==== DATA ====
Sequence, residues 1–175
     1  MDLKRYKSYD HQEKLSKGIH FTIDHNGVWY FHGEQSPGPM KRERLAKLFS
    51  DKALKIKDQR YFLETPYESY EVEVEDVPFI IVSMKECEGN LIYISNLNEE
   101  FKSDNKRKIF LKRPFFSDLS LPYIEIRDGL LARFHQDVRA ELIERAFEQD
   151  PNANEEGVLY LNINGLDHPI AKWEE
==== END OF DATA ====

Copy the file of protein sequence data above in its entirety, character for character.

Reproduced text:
Sequence, residues 1–175
     1  MDLKRYKSYD HQEKLSKGIH FTIDHNGVWY FHGEQSPGPM KRERLAKLFS
    51  DKALKIKDQR YFLETPYESY EVEVEDVPFI IVSMKECEGN LIYISNLNEE
   101  FKSDNKRKIF LKRPFFSDLS LPYIEIRDGL LARFHQDVRA ELIERAFEQD
   151  PNANEEGVLY LNINGLDHPI AKWEE